Thoughts today were inspired by reading Steven Johnson’s book
“Where Good Ideas Come From”
Would you say that your brain is more often disorganized than not…or, does it proceed from one thought to the next in a methodical, organized, planned and sequential order?
What is your instant response to the above question? Be honest here. You at least have a rough grasp of how your thinking process unfurls. Now, hold onto that answer.
Turns out, the neural networks in our brains go though oscillation cycles. One of these is the phase-lock state and this occurs when the neurons in our brain fire in a synchronized fashion. In the phase-lock mode, the brain “executes an established plan or habit” and thoughts proceed in a sequential, orderly fashion. The brain also goes through cycles of what is called chaos or noise; this is where the neurons fire out of sync.
Robert Thatcher is a brain scientist at the University of South Florida and wanted to see if there was any correlation between I.Q. and the oscillation cycles of phase-lock and noise in brains. He did a study on dozens of children and found that some of the Children had longer periods of noise and other children had a tendency to remain longer in the phase-lock state.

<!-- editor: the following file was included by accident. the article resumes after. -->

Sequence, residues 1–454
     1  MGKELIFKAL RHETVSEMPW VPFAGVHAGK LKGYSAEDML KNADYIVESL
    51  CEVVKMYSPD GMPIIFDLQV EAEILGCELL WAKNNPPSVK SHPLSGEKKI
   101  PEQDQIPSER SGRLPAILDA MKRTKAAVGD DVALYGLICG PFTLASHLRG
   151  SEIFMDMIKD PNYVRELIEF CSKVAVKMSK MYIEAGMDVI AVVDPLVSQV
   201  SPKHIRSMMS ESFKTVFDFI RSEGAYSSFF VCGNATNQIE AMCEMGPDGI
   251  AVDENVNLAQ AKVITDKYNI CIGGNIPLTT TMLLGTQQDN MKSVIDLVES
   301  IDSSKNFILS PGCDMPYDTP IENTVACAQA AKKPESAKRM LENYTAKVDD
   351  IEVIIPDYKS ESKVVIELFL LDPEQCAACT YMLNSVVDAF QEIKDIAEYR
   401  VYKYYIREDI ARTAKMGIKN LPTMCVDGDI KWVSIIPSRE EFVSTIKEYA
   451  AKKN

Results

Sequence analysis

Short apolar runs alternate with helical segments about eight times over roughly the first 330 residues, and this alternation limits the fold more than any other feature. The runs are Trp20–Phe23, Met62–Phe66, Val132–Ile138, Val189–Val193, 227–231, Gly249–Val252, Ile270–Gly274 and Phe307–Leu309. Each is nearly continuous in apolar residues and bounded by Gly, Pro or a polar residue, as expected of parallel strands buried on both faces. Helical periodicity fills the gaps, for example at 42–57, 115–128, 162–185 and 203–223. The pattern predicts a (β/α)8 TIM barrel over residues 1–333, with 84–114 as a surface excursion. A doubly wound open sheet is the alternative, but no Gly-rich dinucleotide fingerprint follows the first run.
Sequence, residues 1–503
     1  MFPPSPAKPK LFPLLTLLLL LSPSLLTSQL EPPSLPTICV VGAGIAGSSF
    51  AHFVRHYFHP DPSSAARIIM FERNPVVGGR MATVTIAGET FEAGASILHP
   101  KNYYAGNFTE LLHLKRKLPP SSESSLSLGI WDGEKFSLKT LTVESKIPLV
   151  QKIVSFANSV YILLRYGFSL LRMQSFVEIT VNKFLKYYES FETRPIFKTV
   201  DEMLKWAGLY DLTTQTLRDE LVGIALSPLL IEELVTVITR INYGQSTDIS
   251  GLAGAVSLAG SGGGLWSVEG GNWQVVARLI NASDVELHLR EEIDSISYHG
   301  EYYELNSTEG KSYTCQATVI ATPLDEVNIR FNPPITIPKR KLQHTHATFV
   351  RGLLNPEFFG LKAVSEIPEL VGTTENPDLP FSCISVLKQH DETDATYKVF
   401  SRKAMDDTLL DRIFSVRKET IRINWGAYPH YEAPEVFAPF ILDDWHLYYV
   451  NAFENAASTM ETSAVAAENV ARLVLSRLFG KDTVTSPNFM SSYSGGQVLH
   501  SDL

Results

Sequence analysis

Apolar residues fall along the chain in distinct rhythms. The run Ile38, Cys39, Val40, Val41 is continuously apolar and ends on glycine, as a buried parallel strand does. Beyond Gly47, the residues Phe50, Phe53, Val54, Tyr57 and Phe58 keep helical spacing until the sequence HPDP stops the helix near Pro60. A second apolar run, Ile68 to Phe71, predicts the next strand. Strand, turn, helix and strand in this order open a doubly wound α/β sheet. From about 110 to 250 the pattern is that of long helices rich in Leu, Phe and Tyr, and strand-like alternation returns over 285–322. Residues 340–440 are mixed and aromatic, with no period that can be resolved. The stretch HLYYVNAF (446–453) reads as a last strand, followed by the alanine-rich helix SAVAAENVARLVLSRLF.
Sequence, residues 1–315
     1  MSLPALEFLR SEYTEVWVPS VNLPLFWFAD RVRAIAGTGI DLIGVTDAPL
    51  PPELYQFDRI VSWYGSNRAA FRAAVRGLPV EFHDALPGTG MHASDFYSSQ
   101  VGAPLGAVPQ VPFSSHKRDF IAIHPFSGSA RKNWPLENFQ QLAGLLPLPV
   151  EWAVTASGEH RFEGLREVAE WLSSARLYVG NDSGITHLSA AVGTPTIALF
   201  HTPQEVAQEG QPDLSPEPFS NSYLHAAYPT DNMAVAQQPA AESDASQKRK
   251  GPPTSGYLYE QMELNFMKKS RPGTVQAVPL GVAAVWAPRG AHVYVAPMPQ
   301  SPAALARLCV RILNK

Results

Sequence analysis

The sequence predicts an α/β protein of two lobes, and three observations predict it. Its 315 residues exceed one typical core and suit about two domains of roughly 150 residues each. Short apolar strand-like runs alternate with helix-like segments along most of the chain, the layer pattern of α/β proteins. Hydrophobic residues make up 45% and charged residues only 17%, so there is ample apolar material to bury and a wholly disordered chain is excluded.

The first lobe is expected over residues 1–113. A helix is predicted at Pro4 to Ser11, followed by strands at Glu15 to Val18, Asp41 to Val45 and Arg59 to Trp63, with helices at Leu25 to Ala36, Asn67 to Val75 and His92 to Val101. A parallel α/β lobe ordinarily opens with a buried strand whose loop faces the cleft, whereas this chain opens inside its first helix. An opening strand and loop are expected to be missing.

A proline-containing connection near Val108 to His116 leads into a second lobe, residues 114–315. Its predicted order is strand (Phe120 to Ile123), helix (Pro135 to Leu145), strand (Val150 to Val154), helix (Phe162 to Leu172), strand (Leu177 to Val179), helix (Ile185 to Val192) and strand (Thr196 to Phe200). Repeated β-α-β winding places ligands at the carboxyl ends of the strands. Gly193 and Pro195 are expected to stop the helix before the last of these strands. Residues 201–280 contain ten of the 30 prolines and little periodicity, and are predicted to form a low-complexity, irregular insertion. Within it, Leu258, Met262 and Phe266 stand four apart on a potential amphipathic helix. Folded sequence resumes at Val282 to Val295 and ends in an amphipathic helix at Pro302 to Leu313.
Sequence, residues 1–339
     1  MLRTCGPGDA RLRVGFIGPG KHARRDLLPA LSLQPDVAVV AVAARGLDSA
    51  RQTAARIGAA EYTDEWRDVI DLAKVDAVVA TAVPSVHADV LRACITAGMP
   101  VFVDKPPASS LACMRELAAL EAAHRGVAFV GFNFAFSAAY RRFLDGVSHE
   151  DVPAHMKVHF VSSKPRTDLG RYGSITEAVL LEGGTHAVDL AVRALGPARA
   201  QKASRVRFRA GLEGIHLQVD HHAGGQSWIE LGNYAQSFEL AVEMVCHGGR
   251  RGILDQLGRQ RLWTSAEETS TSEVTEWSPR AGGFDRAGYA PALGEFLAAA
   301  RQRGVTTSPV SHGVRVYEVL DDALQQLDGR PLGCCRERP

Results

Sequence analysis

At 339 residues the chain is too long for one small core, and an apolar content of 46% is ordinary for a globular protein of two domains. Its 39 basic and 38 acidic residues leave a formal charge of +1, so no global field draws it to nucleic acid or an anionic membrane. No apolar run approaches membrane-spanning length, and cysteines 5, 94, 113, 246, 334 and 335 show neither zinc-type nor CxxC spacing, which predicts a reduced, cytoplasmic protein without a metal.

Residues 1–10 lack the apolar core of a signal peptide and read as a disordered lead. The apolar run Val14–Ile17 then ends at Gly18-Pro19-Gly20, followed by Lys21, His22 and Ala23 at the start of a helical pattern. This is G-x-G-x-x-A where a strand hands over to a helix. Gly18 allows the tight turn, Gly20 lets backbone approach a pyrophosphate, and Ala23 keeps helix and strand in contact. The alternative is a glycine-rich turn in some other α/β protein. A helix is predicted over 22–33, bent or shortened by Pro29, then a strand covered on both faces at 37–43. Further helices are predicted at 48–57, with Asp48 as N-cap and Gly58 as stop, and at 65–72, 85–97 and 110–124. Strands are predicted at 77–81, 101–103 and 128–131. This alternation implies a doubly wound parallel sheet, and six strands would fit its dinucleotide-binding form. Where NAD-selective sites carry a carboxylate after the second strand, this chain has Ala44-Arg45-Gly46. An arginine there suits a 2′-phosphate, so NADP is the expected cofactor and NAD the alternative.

When Thatcher compared the brain-wave results with the Children’s I.Q. scores, a direct correlation emerged. What he found was that the longer the child’s brain remained in the noise or chaos state, the higher the I.Q. The children who spent a longer time in the phase-lock state actually had comparatively lower I.Q scores.
Researchers are beginning to see that the more disorganized your brain is, the smarter you are. The longer your brain is able to reside in the disorganized mode, the more able it is to combine different ideas, to make novel associations, to learn new things from disparate data, to strategize on how to respond to a changed situation etc; this process occurs less often in the more organized brain state. Smarter brains simply remain in the chaos phase slightly longer than average or dull brains. Now this is fascinating (and counterintuitive too, as Johnson notes) and I LOVE counterintuitive!!! One would think that a more methodical thought processing would result in better, more robust and accurate thoughts.
My humble, (potentially faulty) assessment of this conundrum: It would seem that in a disorganized/chaotic brain state, the brain would have greater access to a wider, more diverse pool of thoughts zipping about. Thus, the probability of fusing one thought to another and discovering a potentially new, useful concept or innovation would be more likely.